Subscribe in a reader

Cambridge MedChem Consulting

Fragment sized drugs

As someone who regularly reads Derek Lowe’s “In the Pipeline” blog I was taken with the post on The Smallest Drugs in which he highlighted the structures using the arbitrary cutoffs

the molecular weight cutoff was set, arbitrarily, at aspirin's 180. I excluded the inhaled anaesthetics, only allowing things that are oils or solids in their form of use. As a small-molecule organic chemist, I only allowed organic compounds - lithium and so on are for another category.

An interesting selection but I thought it might be interesting to profile the calculated properties, I used the DrugBank Database too ensure I got a more comprehensive dataset and then calculated properties as I have done for the Fragment collections. The results are shown below. Probably the most notable feature is the number that contain ionisable groups, over 60% of the molecules would be predicted to be ionised at physiological pH (note however it does include a couple of natural amino acids). Around 50% contain an aromatic ring (of which 2/3 are heterocycles). There are a couple of structures with more 3D shape (Memantine) but in general they would be classified as disc or rod-like. In general the results don’t look too dissimilar to the Published Fragment Hits.


Published Fragments

I’ve updated the page on published fragments, the dataset now includes over 800 published fragments hits abstracted from over 200 publications directed at nearly 130 different molecular targets using 22 different detection technologies and might be expected to give some insight into the type of compounds that appear as hits. With the caveat that the dataset only includes information that has been published.


Seven pharma companies provide access to stalled development compounds

UK researchers will be granted access to a ‘virtual library’ of deprioritised pharmaceutical compounds through a new partnership between the Medical Research Council (MRC) and seven global drug companies, announced today by Business Secretary Vince Cable.

AstraZeneca, GlaxoSmithKline, Janssen Research & Development LLC*, Lilly, Pfizer, Takeda and UCB will each offer up a number of their deprioritised molecules for use in new studies to improve our understanding of a range of diseases. A full list of available compounds will be published later this year, when UK scientists will be able to apply for MRC funding to use them in academic research projects.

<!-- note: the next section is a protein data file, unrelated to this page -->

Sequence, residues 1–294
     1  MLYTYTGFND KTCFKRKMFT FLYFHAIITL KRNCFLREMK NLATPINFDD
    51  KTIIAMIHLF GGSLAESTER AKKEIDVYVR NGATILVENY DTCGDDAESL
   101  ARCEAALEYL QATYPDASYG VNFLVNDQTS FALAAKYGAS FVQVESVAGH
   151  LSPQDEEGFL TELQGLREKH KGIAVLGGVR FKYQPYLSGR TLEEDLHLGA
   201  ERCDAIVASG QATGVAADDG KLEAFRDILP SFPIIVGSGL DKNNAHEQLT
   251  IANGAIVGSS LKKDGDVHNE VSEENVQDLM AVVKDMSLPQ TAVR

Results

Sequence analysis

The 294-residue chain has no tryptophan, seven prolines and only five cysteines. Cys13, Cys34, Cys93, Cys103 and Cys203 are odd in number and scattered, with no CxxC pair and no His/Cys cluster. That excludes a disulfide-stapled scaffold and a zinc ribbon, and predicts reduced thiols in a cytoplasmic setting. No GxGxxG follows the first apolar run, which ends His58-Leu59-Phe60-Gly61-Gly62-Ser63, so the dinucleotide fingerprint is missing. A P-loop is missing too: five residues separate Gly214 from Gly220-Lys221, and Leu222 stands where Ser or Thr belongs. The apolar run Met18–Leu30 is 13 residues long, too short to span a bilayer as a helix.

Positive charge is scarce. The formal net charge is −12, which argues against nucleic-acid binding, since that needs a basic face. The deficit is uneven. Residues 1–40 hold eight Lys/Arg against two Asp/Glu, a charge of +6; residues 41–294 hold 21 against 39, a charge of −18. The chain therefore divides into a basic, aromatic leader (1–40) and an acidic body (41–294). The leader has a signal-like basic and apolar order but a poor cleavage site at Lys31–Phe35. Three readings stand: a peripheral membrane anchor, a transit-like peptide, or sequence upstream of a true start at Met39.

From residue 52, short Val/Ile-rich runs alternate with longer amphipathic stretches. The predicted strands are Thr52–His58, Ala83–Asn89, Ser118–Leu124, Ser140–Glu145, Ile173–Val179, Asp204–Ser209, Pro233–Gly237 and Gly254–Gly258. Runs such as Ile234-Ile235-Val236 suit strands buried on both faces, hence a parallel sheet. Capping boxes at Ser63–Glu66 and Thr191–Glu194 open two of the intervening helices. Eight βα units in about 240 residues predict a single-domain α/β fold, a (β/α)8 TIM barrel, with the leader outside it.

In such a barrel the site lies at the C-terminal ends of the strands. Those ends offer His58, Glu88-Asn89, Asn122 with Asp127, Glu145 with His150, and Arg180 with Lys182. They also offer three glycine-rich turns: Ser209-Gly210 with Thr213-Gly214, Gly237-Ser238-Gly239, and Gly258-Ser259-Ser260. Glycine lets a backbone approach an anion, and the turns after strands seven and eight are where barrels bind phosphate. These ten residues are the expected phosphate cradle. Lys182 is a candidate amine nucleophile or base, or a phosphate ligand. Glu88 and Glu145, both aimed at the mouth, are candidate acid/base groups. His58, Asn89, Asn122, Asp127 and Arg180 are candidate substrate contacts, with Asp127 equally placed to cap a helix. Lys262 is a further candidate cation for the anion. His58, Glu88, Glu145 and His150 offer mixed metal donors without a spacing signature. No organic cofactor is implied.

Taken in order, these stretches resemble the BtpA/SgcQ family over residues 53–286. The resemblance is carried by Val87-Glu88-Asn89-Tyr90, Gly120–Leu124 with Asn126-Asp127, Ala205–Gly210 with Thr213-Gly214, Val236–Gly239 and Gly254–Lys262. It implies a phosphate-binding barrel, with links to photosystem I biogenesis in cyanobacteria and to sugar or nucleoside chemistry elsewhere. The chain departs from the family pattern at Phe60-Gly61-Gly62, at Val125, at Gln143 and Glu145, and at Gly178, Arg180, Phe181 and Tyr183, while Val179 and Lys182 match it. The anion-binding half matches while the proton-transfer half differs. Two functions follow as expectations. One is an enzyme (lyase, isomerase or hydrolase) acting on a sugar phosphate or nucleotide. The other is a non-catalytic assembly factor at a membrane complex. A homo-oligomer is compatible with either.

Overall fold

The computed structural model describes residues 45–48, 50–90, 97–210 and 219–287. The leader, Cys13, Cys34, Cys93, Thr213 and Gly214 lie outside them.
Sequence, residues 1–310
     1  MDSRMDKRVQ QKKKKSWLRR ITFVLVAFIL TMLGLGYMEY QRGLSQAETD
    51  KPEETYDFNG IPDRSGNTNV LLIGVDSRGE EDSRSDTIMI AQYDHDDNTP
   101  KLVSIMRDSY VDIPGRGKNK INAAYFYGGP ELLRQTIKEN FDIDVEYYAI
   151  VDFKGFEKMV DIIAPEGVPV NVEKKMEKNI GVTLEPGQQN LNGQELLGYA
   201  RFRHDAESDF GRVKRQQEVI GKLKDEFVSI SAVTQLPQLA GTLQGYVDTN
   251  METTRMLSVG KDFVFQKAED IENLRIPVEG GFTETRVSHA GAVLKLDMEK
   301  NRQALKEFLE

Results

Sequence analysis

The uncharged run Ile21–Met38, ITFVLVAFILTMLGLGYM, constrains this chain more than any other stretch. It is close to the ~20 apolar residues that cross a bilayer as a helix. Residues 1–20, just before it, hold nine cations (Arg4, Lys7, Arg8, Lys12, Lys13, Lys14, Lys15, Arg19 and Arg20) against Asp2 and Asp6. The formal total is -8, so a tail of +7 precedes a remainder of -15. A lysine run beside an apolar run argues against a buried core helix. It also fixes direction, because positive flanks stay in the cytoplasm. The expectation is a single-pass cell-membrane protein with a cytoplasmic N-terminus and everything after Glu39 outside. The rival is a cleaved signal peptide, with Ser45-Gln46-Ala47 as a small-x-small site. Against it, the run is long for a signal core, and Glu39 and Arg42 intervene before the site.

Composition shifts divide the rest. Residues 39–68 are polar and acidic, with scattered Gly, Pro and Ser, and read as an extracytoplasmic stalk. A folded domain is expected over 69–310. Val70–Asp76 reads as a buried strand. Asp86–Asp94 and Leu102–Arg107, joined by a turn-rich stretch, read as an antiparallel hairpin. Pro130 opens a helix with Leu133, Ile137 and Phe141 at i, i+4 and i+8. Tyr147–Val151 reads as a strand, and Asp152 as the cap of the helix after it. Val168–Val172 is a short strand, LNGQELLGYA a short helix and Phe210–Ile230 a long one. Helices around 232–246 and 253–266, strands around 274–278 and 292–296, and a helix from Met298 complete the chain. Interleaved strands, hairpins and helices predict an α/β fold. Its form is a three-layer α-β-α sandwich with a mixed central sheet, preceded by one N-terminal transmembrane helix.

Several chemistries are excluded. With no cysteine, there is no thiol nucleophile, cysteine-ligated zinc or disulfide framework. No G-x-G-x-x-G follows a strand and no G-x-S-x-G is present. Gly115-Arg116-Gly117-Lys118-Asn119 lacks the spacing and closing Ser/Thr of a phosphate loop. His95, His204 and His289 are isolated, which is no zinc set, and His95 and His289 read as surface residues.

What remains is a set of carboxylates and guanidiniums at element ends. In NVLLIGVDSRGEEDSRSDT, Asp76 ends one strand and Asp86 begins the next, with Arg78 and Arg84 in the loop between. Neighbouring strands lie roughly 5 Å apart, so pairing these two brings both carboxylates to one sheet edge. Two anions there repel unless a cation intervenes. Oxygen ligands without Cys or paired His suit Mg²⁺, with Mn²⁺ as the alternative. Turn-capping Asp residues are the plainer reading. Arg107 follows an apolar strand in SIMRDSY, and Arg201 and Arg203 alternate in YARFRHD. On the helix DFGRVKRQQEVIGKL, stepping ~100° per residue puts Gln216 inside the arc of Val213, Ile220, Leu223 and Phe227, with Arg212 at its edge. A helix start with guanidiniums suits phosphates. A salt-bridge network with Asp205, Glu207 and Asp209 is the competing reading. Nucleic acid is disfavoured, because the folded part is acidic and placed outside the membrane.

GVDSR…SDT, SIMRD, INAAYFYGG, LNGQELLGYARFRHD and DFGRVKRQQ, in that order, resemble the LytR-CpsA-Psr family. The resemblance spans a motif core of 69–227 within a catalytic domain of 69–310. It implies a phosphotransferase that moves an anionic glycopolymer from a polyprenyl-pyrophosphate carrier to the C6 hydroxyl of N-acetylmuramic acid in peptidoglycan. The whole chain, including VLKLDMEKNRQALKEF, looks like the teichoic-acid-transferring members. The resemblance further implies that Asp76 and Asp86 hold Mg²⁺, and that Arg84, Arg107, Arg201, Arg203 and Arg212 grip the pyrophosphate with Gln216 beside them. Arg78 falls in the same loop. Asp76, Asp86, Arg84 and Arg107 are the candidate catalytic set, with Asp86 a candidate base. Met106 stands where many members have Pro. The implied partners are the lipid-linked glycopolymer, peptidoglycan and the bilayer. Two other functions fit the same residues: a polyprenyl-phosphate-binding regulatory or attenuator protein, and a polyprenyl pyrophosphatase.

This has the potential to a really exciting resource for scientists to explore the pathways involved in a variety of different diseases, and since the compounds have apparently undergone some development it may provide a boon to those involved in repurposing drugs. Much will of course depend on the compounds offered but perhaps other companies will follow suit.

Drug Discovery Resources Updates

I’ve added two new pages to the ADME section, there are now separate pages for CYP2D6 inhibitors and CY3A4 inhibitors.

22 July 2014 Updated to include CYP2C9 and CYP2C19 inhibitors.


18th SCI/RSC Medicinal Chemistry Symposium

18th SCI/RSC Medicinal Chemistry Symposium Sunday 13 - Wednesday 16 September 2015 Churchill College, Cambridge , UK

Europe’s premier biennial Medicinal Chemistry event, focusing on first disclosures and new strategies in medicinal chemistry. Reflecting current trends in medicinal chemistry and pharmaceutical research, the theme of the conference will be ‘Drugging the Undruggable’.

A number of conference places will be reserved for poster presenters and contributions are invited from the whole field of medicinal chemistry. Those presenting a poster may also elect to advertise their poster via oral presentation of a single slide ‘flash’ poster. In addition to traditional plenary talks the organising committee wishes to solicit short talks (20 minutes) describing highly impactful but possibly less complete episodes of medicinal chemistry.

Further Information SCI Conference Dept, 14/15 Belgrave Square, London, SW1X 8PS T: + 44 (0)20 7598 1561 E: W:

Longitude Prize 2014

In 1714 the British government threw down the gauntlet to solve the greatest scientific challenge of the century – how to pinpoint a ship’s location at sea by knowing its longitude. Three hundred years later the Longitude Prize 2014 is a challenge with a £10 million prize fund to help solve one of the greatest issues of our time. It is being run and developed by Nesta, with the Technology Strategy Board as launch funding partner.

There are six potential areas highlighted all very worthy causes, however there can only be one prize winner and this is your chance to vote for your preferred project.

The Challenges